The Court of Appeals anchored its assailed pronouncements on the fact that the Pagkakaloob was notarized. While it is true that deeds which have been notarized are presumed to have been duly executed, this presumption of regularity can be rebutted by clear and convincing evidence as in this case. As earlier stated, the due execution of the Pagkakaloob suffered from infirmities which derogate from the presumption of regularity that notarization attaches to it. Further, Marcelina testified that she never appeared before Cresenciano C. Santiago who allegedly notarized the Pagkakaloob.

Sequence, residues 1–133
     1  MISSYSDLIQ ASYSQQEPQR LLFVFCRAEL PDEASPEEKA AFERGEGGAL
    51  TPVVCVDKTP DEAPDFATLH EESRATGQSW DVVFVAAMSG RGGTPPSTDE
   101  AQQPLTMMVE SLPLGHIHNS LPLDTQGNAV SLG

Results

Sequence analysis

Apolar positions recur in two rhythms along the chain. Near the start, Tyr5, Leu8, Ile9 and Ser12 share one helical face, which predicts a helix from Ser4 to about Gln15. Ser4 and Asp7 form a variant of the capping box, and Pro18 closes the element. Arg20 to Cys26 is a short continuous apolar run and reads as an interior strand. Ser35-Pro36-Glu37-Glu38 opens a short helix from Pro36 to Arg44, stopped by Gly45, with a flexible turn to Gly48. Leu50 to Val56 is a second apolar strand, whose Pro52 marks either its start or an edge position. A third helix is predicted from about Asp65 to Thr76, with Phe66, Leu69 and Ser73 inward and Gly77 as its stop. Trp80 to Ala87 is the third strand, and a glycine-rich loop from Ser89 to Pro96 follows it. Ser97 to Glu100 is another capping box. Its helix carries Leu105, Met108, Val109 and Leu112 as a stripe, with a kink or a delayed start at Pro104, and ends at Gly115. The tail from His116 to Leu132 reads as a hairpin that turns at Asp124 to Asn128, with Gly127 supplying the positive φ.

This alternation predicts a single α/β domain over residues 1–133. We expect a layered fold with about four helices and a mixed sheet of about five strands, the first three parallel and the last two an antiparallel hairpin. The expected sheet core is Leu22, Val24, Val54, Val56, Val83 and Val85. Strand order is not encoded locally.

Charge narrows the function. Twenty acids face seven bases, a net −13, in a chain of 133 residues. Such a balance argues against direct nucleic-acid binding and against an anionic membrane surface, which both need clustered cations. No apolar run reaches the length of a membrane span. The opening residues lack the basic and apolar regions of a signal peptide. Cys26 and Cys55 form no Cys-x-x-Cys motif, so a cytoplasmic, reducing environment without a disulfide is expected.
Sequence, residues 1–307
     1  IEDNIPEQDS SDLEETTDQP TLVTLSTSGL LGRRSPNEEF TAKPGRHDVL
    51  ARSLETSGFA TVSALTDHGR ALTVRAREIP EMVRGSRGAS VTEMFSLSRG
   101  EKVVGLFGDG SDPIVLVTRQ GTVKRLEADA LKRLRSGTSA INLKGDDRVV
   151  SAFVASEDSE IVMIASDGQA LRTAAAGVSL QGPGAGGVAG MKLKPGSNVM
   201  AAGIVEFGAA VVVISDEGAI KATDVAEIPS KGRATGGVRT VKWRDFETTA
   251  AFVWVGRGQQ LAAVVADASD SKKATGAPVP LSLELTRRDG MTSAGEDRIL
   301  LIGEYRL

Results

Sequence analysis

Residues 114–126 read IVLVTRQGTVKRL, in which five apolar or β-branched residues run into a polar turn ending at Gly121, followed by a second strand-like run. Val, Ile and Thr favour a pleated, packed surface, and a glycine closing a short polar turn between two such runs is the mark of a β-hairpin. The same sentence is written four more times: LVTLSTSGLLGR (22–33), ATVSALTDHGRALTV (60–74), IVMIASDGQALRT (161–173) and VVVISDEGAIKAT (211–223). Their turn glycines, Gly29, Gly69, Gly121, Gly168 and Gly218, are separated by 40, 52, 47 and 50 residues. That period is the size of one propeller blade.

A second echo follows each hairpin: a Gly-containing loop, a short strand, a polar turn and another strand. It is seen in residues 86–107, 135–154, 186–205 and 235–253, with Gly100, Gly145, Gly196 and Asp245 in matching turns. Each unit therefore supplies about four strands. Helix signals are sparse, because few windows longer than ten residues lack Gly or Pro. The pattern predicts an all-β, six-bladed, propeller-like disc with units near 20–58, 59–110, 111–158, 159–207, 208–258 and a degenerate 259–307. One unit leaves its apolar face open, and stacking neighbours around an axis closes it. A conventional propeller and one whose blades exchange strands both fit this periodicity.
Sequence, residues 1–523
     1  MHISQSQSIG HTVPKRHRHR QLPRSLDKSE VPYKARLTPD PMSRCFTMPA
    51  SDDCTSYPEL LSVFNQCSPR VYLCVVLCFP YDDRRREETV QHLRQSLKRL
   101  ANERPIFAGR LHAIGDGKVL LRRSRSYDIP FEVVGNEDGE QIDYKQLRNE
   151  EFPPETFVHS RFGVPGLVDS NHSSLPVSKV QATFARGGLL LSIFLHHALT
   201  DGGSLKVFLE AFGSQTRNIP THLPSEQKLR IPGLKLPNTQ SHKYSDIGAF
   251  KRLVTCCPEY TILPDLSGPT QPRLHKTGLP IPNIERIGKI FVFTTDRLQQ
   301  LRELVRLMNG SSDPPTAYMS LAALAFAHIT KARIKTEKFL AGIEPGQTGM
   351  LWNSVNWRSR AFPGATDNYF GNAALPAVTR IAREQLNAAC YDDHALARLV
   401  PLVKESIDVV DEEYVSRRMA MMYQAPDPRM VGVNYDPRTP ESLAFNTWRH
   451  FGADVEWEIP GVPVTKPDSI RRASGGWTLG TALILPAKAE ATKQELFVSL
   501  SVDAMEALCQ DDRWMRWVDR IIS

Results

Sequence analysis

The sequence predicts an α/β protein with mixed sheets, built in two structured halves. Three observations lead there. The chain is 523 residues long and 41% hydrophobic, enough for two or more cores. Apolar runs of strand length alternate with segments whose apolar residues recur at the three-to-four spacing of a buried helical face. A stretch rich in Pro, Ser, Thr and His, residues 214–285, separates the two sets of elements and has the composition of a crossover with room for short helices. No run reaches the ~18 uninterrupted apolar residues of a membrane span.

Anent the weight accorded by the Court of Appeals to the tax declarations in the names of the respondents and the realty tax receipts, we hold that while it is true that tax declarations and tax receipts are good indicia of possession in the concept of an owner, the same must be accompanied by possession for a period sufficient for prescription. By themselves, tax declarations and tax receipts do not conclusively prove ownership.21 We have reviewed the records of this case and we find that even at the time of the filing of the application by respondent Emma Vicente for the issuance of a free patent over the subject property, the person occupying the same was Emerenciana Espino. Ireneo Guballa, a Public Land Inspector/Investigator of the CENRO, and a disinterested third party, testified that Emerenciana and Marcelina were the occupants of the property prior to and at the time that he conducted the ocular inspection on the premises.22